Jill Kalotay has been supporting the Spencertown Academy Arts Center as a volunteer for the past ten years. In 2015 she accepted the position of cochair of the Festival of Books with David Highfill, an executive editor at William Morrow, and she joined the Spencertown Academy Board of Directors in 2016.
It is important to me to support the arts, and particularly authors, since my daughter Daphne announced at the age of three that she wanted to be a writer. She has shown me what hard work it is, and how steep the climb to success is in today’s market. The annual Festival of Books, presented by the Spencertown Academy Arts Center, is a way to feature writers and focus on books—and to help ensure that they will be here for some time to come.
Housed in a beautifully restored 1840s Greek Revival schoolhouse at 790 State Route 203 in Spencertown, New York, the Spencertown Academy Arts Center is a cultural center serving Columbia County, the Berkshires, and the Capital region. It offers a variety of free and low-cost community arts events, including concerts, readings, theater pieces, art exhibitions, and arts-related workshops and classes.
For the past twelve years, the Festival of Books has been a major fund-raising event for the Spencertown Academy Arts Center. Subtitled “All Things Literary,” the festival provides a stage for authors to talk about their new books, poets to read from their collections, and high school students to read their prizewinning short stories and essays, entered earlier in a contest we sponsor in conjunction with the festival. (You can read the winning entries here.)
The three-day event takes place over Labor Day weekend, and also features a huge book sale, with over ten thousand donated books on offer. “The best books sale in the area,” according to many visitors. All the books are culled, cleaned, and sorted by Academy volunteers—those book lovers who want to get as many books as possible out into the world and bring in money for the Academy so that we can keep our doors open for one more year. Typically all of the authors come without promise of remuneration.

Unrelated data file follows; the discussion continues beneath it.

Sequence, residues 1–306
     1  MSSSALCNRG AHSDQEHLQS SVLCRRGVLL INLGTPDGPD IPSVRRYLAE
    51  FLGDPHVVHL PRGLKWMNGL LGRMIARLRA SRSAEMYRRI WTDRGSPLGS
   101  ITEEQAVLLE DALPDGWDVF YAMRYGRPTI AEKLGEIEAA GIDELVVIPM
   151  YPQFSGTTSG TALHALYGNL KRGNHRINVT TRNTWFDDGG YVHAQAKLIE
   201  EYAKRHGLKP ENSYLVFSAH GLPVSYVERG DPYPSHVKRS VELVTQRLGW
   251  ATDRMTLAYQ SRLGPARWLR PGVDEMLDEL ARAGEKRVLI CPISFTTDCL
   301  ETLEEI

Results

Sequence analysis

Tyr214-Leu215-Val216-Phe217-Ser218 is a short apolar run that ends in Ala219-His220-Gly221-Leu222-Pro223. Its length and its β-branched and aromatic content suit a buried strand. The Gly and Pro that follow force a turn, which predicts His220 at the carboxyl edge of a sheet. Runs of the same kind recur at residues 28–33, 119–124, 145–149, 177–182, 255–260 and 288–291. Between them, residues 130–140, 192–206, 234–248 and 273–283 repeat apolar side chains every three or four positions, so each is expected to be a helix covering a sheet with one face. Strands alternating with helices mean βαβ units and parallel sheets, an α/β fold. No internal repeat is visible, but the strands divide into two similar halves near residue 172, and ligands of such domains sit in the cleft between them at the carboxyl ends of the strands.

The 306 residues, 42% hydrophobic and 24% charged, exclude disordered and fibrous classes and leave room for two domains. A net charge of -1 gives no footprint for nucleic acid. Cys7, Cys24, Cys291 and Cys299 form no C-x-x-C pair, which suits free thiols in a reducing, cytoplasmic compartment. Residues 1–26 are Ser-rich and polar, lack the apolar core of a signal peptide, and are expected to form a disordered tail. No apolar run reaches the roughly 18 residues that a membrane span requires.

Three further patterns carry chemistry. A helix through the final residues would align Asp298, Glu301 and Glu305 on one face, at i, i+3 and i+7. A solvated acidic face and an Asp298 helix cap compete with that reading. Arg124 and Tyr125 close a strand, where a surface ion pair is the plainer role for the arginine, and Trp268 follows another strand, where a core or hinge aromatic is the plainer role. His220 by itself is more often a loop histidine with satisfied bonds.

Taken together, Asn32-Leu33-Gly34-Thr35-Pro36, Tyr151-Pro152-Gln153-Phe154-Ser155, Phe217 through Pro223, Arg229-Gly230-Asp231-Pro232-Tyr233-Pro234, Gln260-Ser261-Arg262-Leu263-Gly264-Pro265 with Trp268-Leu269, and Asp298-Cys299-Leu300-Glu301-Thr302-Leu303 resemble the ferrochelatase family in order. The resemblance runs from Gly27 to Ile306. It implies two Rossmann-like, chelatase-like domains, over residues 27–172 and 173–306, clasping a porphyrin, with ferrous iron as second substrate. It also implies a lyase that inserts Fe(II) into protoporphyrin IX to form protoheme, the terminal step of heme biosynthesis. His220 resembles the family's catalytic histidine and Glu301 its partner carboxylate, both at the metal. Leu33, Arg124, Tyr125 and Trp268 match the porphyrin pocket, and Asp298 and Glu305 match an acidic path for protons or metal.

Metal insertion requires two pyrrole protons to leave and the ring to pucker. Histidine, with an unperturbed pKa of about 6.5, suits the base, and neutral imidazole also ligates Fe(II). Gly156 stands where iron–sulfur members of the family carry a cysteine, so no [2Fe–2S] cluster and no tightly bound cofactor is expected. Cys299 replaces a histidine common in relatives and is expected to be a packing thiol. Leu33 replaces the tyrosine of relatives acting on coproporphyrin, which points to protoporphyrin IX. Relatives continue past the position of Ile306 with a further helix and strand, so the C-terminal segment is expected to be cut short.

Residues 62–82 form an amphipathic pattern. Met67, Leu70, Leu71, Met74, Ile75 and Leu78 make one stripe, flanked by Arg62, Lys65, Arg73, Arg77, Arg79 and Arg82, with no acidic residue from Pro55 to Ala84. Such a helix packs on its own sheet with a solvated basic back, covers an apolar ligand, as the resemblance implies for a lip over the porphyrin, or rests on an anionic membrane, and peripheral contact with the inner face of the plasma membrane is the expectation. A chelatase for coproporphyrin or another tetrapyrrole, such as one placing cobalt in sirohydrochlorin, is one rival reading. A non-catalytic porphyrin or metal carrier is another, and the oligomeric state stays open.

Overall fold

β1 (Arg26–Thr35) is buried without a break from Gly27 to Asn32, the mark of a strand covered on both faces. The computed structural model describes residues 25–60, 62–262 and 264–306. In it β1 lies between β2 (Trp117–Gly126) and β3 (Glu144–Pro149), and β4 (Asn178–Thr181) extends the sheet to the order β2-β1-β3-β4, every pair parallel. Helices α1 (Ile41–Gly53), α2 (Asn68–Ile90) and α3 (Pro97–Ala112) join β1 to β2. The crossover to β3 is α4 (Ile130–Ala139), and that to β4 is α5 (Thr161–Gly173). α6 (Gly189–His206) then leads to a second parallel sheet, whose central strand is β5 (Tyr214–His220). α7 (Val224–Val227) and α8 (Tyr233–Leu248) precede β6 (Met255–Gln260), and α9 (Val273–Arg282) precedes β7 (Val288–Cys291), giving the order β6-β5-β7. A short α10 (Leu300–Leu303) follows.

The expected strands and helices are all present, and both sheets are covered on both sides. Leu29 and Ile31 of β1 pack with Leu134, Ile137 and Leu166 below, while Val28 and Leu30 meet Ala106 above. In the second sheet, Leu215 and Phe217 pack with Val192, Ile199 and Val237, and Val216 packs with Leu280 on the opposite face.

This year, we hosted an amazing array of artists, and five fiction writers were generously supported by grants from the Poets & Writers’ Readings & Workshops program.
Wesley Brown read from his Dance of the Infidels, a collection of related stories about jazz musicians (mostly real) and jazz lovers (imagined) in 1930s and 1940s New York City jazz clubs.
Rebecca Morgan Frank read from her collection, The Spokes of Venus, and spoke about the inspiration for her poems, in which magicians, wig makers, sculptors, perfumers, and choreographers help conjure these works about making and observing art.
In spite of the incessant rain beating on our tent, on one of the worst days of the summer, Elinor Lipman and Louie Cronin shared the stage for a session called “If These Walls Could Talk.” Lipman’s latest book, On Turpentine Lane, is a romantic comedy about a restless woman who impulsively buys a dilapidated house that soon reveals a mysterious past. Everyone Loves You Back, Cronin’s very funny first novel, features another house in dire need of repair, this one in Cambridge. Town and gown meet again!
Patricia Park read from her novel, Re Jane, set in the disparate worlds of Queens, Brooklyn, and Seoul during the early 2000s. In the novel, Jane Re, a Korean American woman (and orphan), lives with her aunt and uncle in Queens, and feels like an outsider. Park’s animated talk provided glimpses of her own background in Flushing, Queens and described some of the difficulties in getting her novel onto the TV screen. Actor and producer Daniel Dae Kim is adapting the book as a half-hour comedy series.
For the past five years we have been operating as an all-volunteer organization. We rely totally on all the volunteers, donors, sponsors, and kind artists who support us with their valuable time and talents. We are so grateful! And especially thankful to Poets & Writers for their financial backing of writers and events such as ours.
Support for the Readings & Workshops Program in New York is provided, in part, by public funds from the New York State Council on the Arts, with additional support from the Friends of Poets & Writers.Photo: Spencertown Academy Arts Center’s Festival of Books (Credit: Peter Blandori).